Here's the second blog by Gareth Gilpin, currently on a four-week travel scholarship to the JBG ...
Waking up in a warm, sunny climate is a wonderful thing when you have escaped England in January! My day started with a tour around the JBG, first led by Tom Fogel, the scholarship co-ordinator, who introduced me to everyone there, and then by Dr. Michael Avishai (the Emeritus Scientific Director) as well, who insisted that we commandeer one of the golf buggies.
Early on I detoured into the nursery and was shown the ropes by Maya, the super enthusiastic, bubbly and in control of the show nursery manager, who has created an oasis of plant life in such a small space, with cuttings/plugs/seedlings/stock plants/grown-on stock packing out every possible area. Apparently the pots cannot be put directly on the ground, since at night the kamikaze porcupines go on the rampage, and tear the place up.
Then I began one of the most interesting and engaging tours that I have ever been given! Michael gave the most personal and fascinating insight into how a botanic garden and a person (read: character, for Michael is truly a character!) can become fused into one. He and the Gardens are like a symbiotic organism, or maybe the JBG is his child that he has nurtured over the years. In any case they are inseparable, and it's reminiscent of the chicken and egg conundrum - you can't have one without the other; and it doesn't really matter which came first. It was a pleasure to spend so much time with this great man, and to feel his passion and care - it made me feel very, very lucky to be given this opportunity to work at the JBG, and proud too.
By midday I was ravenous. I had skipped breakfast thinking my visit to the JBG would be brief. It wasn’t, but my brain was certainly full from the amount it had been fed during the last few hours! I headed to the Old City in search of food.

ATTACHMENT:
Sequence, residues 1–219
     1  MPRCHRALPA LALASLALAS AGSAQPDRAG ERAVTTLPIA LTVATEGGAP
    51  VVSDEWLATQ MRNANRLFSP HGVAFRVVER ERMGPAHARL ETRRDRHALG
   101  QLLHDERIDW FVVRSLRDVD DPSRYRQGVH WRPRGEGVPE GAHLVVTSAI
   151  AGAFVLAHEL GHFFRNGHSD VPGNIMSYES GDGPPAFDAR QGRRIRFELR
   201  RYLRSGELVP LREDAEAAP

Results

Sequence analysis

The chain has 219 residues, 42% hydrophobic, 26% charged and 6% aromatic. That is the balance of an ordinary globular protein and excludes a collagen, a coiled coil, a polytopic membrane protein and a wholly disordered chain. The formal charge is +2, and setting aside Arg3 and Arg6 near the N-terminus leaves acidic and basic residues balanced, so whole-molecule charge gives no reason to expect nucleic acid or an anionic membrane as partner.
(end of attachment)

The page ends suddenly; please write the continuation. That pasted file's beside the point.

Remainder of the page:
Anyone who knows me will tell you that I have no sense of direction, cannot read a map, remember nothing of the way from which I came, and have fantastical notions on the route I must take next. I spent over 30 years in London and still cannot make a journey on public transport without becoming lost. I was deeply cynical about making it to the Old City. '30 minutes' they said. 'Take the bus 19, 32, or something else' they said. 'All you have to do is stay on this road, go straight, make no turnings, and you will be there' they said. 'It is so simple and easy, you cannot miss it!' they said. Yeah right, just you watch me.
After 30 minutes of taking my chances, my jaw actually dropped as I suddenly looked up, and there was Jaffa Gate! I decided to go off grid, and just followed my feet for a while, gaping at everything in a kind of wide-eyed awe. Eventually, in the Muslim Quarter, I realised I’d been going round in circles for about an hour and must have passed the same fountain at least 6 times. In the end, I got to know it, and every single street around it, really, really well. I settled for lunch there since I accepted I didn’t know the way out. I feasted and hydrated, and then recharged on Arabic coffee (which I dislike but felt obliged to drink. Damn my English politeness).
I then tore all over the place, making random turns, taking sudden detours. I think I covered it all. Some of it I aw more than once ... I saw the Western Wall four times (twice by accident). I watched the sun set. I left. I returned. I walked around the walls on the outside. I went in again. Then I decided I must get back.
I don't even have the energy to attempt to describe the Old City, and how can you, anyway? The place is full of contradictions. Beauty and squalor; ancient history and gaudy right-now; friendliness and rudeness; wonderful smells and incredible stinks; cosmopolitanism and separatism; joyous celebrations and sad resignations. It is a beast of an experience. An awesome, mind-boggling, emotional, rough-riding creature that takes you on its journey, for you are just a spectator, a visitor gazing from the outside in.